Johnson urges President Trump to oversee comprehensive investigation into cattle markets
Holcomb, Kansas facility fire, COVID-19 causing instability
WASHINGTON, DC — United States Representative Dusty Johnson recently urged President Donald Trump to oversee a comprehensive, multi-agency investigation following continuous cattle market volatility.
In 2019, Johnson urged the United States Department of Agriculture to provide a thorough investigation to producers following cattle market volatility after the August 2019 Holcomb, Kansas Tyson beef processing plant and the continued instability currently caused by the COVID-19 outbreak.
“We need to get to the bottom of exactly what is going on, and why,” said Johnson in a letter sent to Trump. “A comprehensive approach is the only one that makes sense, one that includes the Department of Justice, the Commodities Futures Trading Commission, USDA Packers and Stockyards and congressional hearings. As I said in the wake of the Holcomb fire, whatever investigation is done needs to be ‘for real,’ rather than ‘for show.’”
A major fire in August at Tyson beef processing plant in Holcomb destroyed a facility that processed 6,000 head per day before the fire. That processing capacity accounts for 6 percent of the total United State fed cattle capacity and the impact of the fire is still being felt. Along with the uncertainty generated with the spread of COVID-19, the two factors are affecting cattle markets around the country.
Cattle markets in the United States were affected by the fire, according to a report from the United States Department of Agriculture, as the demand for beef was expected to drop in the short term. When the stock market is doing well, consumers feel confident and are willing to spend more disposable income on luxuries like eating out, and beef is often part of that experience.
That uncertainty has continued in the stock market with the spread of the COVID-19 virus around the world, concern was high almost immediately. The Dow Jones saw a high of above 29,500 just several weeks ago but closed around 23,000 recently, with quadruple digit losses resulting from concerns over the disease.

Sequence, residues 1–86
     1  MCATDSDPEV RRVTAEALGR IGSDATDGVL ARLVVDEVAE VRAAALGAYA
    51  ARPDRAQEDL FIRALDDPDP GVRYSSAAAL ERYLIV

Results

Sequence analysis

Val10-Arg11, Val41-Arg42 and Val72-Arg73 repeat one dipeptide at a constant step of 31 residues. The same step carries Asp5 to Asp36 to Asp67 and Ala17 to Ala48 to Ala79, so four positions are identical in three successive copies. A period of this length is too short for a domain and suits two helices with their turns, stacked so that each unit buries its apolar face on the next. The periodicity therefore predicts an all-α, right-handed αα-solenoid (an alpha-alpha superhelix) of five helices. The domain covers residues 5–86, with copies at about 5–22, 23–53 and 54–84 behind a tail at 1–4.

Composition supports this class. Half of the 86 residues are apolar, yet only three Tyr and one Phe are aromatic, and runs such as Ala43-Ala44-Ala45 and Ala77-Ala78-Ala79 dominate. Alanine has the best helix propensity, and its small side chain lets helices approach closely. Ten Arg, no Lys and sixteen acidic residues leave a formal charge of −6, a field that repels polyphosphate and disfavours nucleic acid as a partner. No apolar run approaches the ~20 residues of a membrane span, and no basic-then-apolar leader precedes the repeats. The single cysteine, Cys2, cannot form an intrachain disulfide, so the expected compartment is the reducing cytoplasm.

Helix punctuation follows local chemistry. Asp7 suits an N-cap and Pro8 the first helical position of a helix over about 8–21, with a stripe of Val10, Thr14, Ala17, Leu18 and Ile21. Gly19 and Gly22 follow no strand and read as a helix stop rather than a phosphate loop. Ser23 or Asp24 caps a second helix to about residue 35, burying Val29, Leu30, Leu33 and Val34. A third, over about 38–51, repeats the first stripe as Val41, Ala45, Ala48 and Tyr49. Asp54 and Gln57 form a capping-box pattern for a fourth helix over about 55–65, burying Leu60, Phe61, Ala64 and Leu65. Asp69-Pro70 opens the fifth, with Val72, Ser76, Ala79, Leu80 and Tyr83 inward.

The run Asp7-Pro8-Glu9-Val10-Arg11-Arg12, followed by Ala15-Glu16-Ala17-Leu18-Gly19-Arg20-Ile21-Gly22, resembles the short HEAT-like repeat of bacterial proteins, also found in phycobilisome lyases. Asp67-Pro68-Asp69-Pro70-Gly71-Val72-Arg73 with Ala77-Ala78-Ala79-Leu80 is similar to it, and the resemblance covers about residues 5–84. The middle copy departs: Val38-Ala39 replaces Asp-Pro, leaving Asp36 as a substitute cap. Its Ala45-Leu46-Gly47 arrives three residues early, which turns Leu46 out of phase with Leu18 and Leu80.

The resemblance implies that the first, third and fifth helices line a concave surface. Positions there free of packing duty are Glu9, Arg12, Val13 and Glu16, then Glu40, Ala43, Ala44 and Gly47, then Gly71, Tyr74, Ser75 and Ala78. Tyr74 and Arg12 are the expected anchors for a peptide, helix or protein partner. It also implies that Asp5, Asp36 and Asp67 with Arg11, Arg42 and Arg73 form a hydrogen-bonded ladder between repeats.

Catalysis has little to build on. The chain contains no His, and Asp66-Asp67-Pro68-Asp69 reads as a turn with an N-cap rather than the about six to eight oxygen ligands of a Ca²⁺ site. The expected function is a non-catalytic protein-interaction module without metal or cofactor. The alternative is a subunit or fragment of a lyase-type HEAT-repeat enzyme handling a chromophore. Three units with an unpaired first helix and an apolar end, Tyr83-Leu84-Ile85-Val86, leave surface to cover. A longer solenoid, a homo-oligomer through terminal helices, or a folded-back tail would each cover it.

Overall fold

Jodi Anderson, executive director of the South Dakota Cattlemen's Association, said Johnson's call for a closer look at the cattle market as well as a recent request from Sen. John Thune to United States Attorney General William Barr are prudent steps.
"They are both making that ask to my knowledge, and that is something the industry is glad to see. We want to make sure the market is functioning as transparently as possible," Anderson said.
Investigations and hearings could reveal answers, but Anderson said most people in the industry expect the volatility in the market will remain in the short term due to the difficulty of forecasting how the worldwide pandemic will play out.
"There's a lot of uncertainty surrounding COVID-19 and the markets are sort of responding in kind," Anderson said. "I haven talked to anyone who anticipates that that's going to change, at least until there is more certainty."
Anderson said there are some bright spots within the industry. She said packers are still operating and supply chains are currently intact and getting product to the places it needs to be. She also said the industry was well-suited to adjust to certain changes due to COVID-19, but it is still navigating uncharted territory.
"This pandemic has really caused problems that nobody could have really anticipated. We have been sort of lucky as the beef industry was better-positioned to pivot our supplies from food services to retail than some of the other retail markets, but that also takes time, but we're seeing that happen, so that's good," Anderson said.
Anderson said everyone in the beef industry is dealing with unusual circumstances, but hopefully things will gradually stabilize. Until then, she urged producers to stay the course and contact the SDCA with concerns.
"I encourage everyone to remember that these are unprecedented times, and we are all doing our best to get through this," Anderson said. "If they need to talk to somebody, reach out. We want to make sure people get through this in a way that moves the industry forward."
Johnson’s full letter to Trump follows below:
Things are bad in cattle country...really bad.
As we’ve discussed before, market conditions for the cattle producer have been lousy for quite awhile. With COVID-19, they’ve only gotten worse.
We need to get to the bottom of exactly what is going on, and why,” said Johnson in a letter sent to Trump. “A comprehensive approach is the only one that makes sense, one that includes the Department of Justice, the Commodities Futures Trading Commission, USDA Packers and Stockyards and congressional hearings. As I said in the wake of the Holcomb fire, whatever investigation is done needs to be “for real,” rather than “for show.”
You have wide-ranging powers, sir, and Rural America will be grateful for your efforts to ensure a rigorous investigation by the right people on a rapid timeline.
Sincerely, Dusty Johnson, South Dakota”